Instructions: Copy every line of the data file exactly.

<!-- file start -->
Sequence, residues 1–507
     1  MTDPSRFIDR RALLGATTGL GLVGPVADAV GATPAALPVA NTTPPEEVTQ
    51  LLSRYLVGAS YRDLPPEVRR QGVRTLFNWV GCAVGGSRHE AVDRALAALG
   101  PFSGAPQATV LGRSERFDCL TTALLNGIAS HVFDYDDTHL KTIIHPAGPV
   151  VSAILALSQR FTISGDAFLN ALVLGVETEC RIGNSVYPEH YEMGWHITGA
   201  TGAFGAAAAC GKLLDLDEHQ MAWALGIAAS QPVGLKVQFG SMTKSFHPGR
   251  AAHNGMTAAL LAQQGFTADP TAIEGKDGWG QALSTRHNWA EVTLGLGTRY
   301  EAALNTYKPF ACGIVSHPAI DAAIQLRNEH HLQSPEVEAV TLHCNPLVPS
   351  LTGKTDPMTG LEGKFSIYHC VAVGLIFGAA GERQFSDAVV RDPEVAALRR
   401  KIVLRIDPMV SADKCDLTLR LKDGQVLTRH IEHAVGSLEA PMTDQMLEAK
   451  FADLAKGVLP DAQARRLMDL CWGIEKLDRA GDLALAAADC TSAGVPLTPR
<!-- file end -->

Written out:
Sequence, residues 1–507
     1  MTDPSRFIDR RALLGATTGL GLVGPVADAV GATPAALPVA NTTPPEEVTQ
    51  LLSRYLVGAS YRDLPPEVRR QGVRTLFNWV GCAVGGSRHE AVDRALAALG
   101  PFSGAPQATV LGRSERFDCL TTALLNGIAS HVFDYDDTHL KTIIHPAGPV
   151  VSAILALSQR FTISGDAFLN ALVLGVETEC RIGNSVYPEH YEMGWHITGA
   201  TGAFGAAAAC GKLLDLDEHQ MAWALGIAAS QPVGLKVQFG SMTKSFHPGR
   251  AAHNGMTAAL LAQQGFTADP TAIEGKDGWG QALSTRHNWA EVTLGLGTRY
   301  EAALNTYKPF ACGIVSHPAI DAAIQLRNEH HLQSPEVEAV TLHCNPLVPS
   351  LTGKTDPMTG LEGKFSIYHC VAVGLIFGAA GERQFSDAVV RDPEVAALRR
   401  KIVLRIDPMV SADKCDLTLR LKDGQVLTRH IEHAVGSLEA PMTDQMLEAK
   451  FADLAKGVLP DAQARRLMDL CWGIEKLDRA GDLALAAADC TSAGVPLTPR